A federal court has ordered Utah to recognize same-sex marriages carried out during a brief period in which those unions were legal in the state.
If the order holds, it could be big news for the more than 1,300 same-sex couples married in Utah this winter, after a federal judge struck down the state's ban on December. A higher court took until January 6 to put the ruling on hold as it works through the appeals process.
That allowed same-sex couples in Utah more than two weeks to get legally married. And while the federal government opted to recognize these marriages, the state government did not.
The preliminary injunction order, from US District Judge Dale Kimball, means the state government must recognize these couples' marriages even as same-sex marriage remains illegal in the state.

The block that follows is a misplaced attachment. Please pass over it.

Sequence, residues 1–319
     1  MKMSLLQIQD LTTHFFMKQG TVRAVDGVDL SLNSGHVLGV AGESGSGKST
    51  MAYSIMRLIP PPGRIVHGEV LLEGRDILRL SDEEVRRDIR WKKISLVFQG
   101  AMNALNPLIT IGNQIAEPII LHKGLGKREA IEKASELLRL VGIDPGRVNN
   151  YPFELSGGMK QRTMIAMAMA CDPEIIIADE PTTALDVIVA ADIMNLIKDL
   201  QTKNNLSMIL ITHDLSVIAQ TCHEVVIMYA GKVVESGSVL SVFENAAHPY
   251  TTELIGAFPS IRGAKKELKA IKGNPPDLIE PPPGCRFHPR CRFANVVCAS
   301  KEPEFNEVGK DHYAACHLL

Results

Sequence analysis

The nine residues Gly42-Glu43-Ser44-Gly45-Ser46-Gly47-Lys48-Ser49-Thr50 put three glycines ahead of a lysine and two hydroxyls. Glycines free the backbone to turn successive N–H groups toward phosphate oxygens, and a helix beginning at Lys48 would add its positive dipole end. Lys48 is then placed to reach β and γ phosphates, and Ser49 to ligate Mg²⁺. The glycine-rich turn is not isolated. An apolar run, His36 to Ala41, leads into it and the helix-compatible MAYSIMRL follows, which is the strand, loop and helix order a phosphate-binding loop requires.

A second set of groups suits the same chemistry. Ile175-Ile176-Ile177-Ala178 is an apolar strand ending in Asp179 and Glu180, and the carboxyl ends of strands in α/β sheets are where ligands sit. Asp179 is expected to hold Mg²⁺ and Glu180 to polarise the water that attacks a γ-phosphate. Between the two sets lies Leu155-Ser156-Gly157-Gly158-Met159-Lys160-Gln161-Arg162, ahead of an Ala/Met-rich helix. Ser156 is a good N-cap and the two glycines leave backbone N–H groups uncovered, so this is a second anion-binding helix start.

Because the couples got married when same-sex marriage was legal, the court argued that trying to enforce a same-sex marriage ban on these couples would be a retroactive application of the law. "Utah law has a strong presumption against retroactive application of laws," Kimball wrote.
The court, however, temporarily stayed the ruling for 21 days to allow the state government to seek an appeal. That means Utah's married same-sex couples will have to wait at least 21 days — or more, if a higher court applies a permanent stay as the case works through appeals process — to have their marriages recognized by the state government.
Update: After Utah Governor Gary Herbert appealed the decision, a court put Judge Kimball's order on hold until the case works through appeals.